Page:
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Proving the usefulness of pharmacogenetics

In Pharmacogenetics on March 7, 2008 at 10:37 am

Pharmacogenetics is the analysis of genetic markers that informs you of how efficiently you metabolize a given drug. Three genes are commonly analyzed: Cyp2C9, Cyp2C19 and Cyp2D6. These genes are important for the metabolism of drugs used for treating psychiatric disorders ranging from mild depression to severe psychosis. Of course, there are other things that influence how you respond to a drug, like compliance, diet and smoking, but the genetic differences have profound stand-alone effects. For a patient experiencing adverse events or no response at all when taking his medicine, pharmacogenetics can be a tremendous help in choosing more fitting medications (other brands or another (sub)class of drugs). Pharmacogenetics is thus, a vital part of personalized medicine.

There are a couple of arguments against pharmacogenetics analysis we in the diagnostic lab often meet:

1: It’s too expensive

2: The frequency of mutant alleles in the normal population does not differ from that in a given patient population. Thus, physicians seems to be unable to pick the right patients, and pharmacogenetics ends up as an inefficient (as well as over hyped and expensive) general screening method.

The first objection is easy to respond to: A patient that has to try many different drugs to achieve the desired effect without adverse reactions, costs much more than this once in a life-time test allowing a targeted approach straight towards the medication most likely to be suitable.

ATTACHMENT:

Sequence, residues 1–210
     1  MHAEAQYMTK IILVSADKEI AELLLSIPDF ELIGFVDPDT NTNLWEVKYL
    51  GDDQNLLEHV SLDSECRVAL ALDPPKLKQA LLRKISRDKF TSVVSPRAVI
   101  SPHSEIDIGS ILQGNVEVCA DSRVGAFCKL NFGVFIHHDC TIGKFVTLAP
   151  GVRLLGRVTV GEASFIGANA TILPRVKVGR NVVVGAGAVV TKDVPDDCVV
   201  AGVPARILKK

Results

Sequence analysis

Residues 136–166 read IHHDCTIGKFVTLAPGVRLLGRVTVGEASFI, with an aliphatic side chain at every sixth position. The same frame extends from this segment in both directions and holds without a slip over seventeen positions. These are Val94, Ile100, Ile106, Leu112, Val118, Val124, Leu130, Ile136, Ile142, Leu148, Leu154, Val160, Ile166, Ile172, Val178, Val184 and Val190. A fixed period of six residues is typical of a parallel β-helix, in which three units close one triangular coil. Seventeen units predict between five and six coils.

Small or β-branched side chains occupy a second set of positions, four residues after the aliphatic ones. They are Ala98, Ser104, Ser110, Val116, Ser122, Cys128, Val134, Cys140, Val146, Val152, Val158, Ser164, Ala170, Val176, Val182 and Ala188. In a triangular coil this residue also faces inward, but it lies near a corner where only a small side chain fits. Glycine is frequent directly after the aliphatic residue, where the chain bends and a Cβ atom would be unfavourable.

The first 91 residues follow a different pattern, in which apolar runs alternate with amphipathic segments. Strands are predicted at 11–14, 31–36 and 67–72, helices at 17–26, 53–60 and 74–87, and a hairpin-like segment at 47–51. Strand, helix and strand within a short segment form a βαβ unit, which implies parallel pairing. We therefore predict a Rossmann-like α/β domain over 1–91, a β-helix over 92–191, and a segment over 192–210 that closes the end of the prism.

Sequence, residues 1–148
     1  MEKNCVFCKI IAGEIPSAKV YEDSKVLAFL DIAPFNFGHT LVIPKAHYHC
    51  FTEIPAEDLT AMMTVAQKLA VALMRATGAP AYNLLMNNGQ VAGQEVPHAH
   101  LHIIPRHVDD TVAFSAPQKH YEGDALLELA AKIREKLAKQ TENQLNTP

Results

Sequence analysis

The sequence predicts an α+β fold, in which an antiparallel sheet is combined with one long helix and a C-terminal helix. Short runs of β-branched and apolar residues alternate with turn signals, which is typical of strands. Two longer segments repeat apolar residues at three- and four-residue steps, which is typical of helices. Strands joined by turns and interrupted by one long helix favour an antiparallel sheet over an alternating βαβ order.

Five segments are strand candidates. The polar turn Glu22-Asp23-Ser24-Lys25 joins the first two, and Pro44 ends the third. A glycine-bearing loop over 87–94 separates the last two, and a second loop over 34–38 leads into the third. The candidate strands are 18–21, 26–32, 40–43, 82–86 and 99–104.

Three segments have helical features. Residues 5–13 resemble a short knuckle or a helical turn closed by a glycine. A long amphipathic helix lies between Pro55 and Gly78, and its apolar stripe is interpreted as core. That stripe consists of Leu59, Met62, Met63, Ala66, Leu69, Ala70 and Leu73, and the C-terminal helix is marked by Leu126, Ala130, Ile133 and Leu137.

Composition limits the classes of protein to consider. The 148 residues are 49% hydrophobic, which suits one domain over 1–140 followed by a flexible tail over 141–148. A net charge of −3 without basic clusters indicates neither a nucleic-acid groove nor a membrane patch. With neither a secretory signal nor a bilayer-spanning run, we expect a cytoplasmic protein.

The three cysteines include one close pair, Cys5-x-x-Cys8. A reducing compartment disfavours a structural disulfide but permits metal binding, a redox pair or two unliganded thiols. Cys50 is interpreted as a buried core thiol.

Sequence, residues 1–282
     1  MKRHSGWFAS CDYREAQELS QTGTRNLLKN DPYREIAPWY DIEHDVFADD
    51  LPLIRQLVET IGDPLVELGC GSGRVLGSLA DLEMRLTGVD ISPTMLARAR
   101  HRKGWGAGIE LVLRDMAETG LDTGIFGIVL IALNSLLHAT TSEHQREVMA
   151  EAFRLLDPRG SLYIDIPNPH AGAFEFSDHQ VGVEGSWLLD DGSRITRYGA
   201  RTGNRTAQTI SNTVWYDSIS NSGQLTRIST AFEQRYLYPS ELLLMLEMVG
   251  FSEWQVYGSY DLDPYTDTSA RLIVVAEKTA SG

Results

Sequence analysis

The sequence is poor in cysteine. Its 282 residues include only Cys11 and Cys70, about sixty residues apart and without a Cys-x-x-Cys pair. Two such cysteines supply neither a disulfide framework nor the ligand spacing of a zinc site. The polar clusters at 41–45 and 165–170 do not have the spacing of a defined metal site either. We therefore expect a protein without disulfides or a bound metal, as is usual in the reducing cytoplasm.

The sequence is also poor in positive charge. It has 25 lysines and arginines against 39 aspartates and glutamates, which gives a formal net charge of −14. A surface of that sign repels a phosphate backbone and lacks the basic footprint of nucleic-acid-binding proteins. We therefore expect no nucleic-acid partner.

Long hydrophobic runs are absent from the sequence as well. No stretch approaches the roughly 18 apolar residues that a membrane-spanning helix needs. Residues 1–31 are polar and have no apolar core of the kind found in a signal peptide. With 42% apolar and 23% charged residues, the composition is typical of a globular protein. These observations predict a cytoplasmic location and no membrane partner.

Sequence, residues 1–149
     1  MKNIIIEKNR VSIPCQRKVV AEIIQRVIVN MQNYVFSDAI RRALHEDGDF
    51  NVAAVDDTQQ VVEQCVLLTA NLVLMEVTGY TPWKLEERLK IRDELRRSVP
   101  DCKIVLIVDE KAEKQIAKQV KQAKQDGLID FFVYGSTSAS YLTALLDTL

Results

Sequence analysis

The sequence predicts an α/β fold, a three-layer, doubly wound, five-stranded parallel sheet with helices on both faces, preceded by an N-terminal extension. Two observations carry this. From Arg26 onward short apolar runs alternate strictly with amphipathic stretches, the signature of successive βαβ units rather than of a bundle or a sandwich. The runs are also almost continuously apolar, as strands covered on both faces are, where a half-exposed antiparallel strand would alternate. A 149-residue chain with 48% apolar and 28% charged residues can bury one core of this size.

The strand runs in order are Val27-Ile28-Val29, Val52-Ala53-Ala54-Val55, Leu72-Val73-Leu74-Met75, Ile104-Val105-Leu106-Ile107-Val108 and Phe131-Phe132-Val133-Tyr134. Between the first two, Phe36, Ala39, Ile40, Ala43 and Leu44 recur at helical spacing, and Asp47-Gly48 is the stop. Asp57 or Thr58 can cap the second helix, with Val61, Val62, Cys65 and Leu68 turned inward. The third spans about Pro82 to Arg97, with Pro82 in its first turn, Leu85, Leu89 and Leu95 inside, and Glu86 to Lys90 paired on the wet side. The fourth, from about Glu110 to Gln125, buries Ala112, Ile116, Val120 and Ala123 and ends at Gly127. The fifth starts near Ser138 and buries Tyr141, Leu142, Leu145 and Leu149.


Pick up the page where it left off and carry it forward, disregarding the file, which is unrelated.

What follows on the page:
The second objection can be countered by saying that the overall frequency in a population is irrelevant to the patient, as finding his individual response to the drug is what matters. This argument however is just an argument favoring screening in any given field of medicine. One can still argue that the overall cost-effectiveness is insufficient. Thus, it seems that one either has to prove that physicians are able to pick the right patients (resulting in targeted diagnostics rather than general screening), or prove that general screening with pharmacogenetics is cost-effective.

Now, it seems that doctors using our lab are able to pick the right patients. This is based on results from a small study we have performed (more details below). The argument saying pharmacogenetics is just expensive general screening, thus, falls.

The study of whether general screening is also justified, we need to leave to others, but indications are that doctors are rapidly learning how to use pharmacogenetics.

Consequently, pharmacogenetics seems to be justified in terms of cost-effectiveness and it is undoubtedly in the best interest of the patient.

Our small study (595 patients) can be summarized like this:

Allele Our frequency (%) Frequency (%) in a normalpopulation with similar ethnicity
2C9*2 11,5 10
2C9*3 6,9 7,4
2C19*2 16,7 9,1
2D6*3 1,3 1,1
2D6*4 20,0 15,6
2D6*6 1,0 1,2
2D6 gene duplication 2,1 2,2
2D6 gene deletion 3,4 2,4

The frequency in all but three (2C9*3, 2D6*6 and 2D6 duplication which had similar frequencies), were higher in our selected population than the normal population. Consequently, it seems that physicians are able to pick the right patients. There seems to be no general screening of patients receiving psychoactive drugs, among physicians using our service.